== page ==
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Thursday 7 December 2023 Dublin: 9°C
Elle Rowan Peter Sheridan

Brian Rowan The head of the new Troubles legacy body will have a mountain to climb

The former BBC correspondent looks at the UK’s legacy bill and meets ex-police commander Peter Sheridan of the new Commission for Investigations.

The man tasked with leading investigations in a new Troubles legacy body in Northern Ireland is former police officer Peter Sheridan. As a result of the UK Government’s controversial legacy bill, which became law this week, he has been appointed to the newly formed Independent Commission for Reconciliation and Information Recovery. Sheridan has acknowledged that because of his past work with the RUC, his appointment to the body will not be welcomed in some quarters. Here, former BBC correspondent Brian Rowan speaks with Sheridan about his appointment and gives his own take on where the North now stands…

I TWEETED LAST week that we are at war with the Past – typed those words as the former senior police officer Peter Sheridan was handed what I consider to be the poisoned chalice of Commissioner for Investigations in a place that has not been able to put its conflict years to rest.

And, for days now, I have been wrestling with a question: Why, with all his involvement with the IRA and its violence, was the late Martin McGuinness so readily accepted as a peacemaker? And why then, have some been so quick to reject Sheridan without even a chance to prove himself?

It is as if his 15 years of reconciliation work since leaving the PSNI in 2008 count for nothing, including his part in helping to arrange that historic first handshake between McGuinness and Queen Elizabeth in 2012.

WhatsApp Image 2023-09-19 at 07.41.42 Peter Sheridan (left, by Elle Rowan). File picture of Martin McGuinness, Brian Rowan and William Smith who was a Loyalist activist. Credit: MT Hurson

I know the important contributions that both McGuinness and Sheridan have made to this process. But, after days of thinking, I still don’t know why one got a chance and the other didn’t.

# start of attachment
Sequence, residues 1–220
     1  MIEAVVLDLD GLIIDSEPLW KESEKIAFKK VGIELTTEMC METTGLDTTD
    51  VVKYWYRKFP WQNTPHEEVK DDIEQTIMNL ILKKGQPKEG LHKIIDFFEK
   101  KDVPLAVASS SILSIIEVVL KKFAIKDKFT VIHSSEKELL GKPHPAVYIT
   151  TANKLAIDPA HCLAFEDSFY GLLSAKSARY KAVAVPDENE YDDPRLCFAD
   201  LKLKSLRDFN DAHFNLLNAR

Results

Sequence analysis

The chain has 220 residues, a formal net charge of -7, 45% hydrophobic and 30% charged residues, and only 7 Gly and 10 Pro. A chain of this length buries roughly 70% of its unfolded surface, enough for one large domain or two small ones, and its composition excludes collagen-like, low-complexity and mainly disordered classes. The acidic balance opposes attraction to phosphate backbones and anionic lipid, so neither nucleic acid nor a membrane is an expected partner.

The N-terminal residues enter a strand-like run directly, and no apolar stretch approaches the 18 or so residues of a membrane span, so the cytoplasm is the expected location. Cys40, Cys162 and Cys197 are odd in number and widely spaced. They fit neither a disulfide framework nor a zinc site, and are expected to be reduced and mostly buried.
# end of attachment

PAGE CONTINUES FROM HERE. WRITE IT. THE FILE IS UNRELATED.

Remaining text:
A broken North

There is a brokenness to the North right now; including within its politics and its policing – and, these many years after the ceasefires and the peace agreement, the Past once more shouts to be heard.

We hear it in the loud rejection of the UK Government’s legacy approach (what some have called its bill of shame), and as appointments are made to a new Independent Commission for Reconciliation and Information Recovery (the ICRIR).

Sheridan has been caught in the crossfire and in the cross words – an easy target in the anger of now. For some, it boils down to this: How can a former cop investigate the cops?

He has been around long enough, to know what to expect: “I gave it a lot of thought,” he said – “because I knew for some people, who don’t know me, it would be easy to come to a conclusion and that’s understandable, but I also know it’s a misperception of who I am.”

He still thinks this new commission (the ICRIR) has a chance, that the making of it “will be critical”, and he pointed me towards Seamus Heaney’s poem Scaffolding, and used it in a different context – to speak about the challenge of establishing and building trust in the many relationships that will be needed to make this work.

I am not so sure that such scaffolding exists.

For me, these latest rows about the Past are a confirmation that we cannot do this on our own. That our Past needs the help of an international process, not an internal one and certainly not something that is the design of the UK Government (one of the players in the conflict years).

It will fail because there is not the trust for it to work.

The UK Government must know that.

The dirty wars

Those in Westminster surely have heard the reactions to their legislation and the argument that they are protecting their veterans and hiding the so-called ‘dirty war’.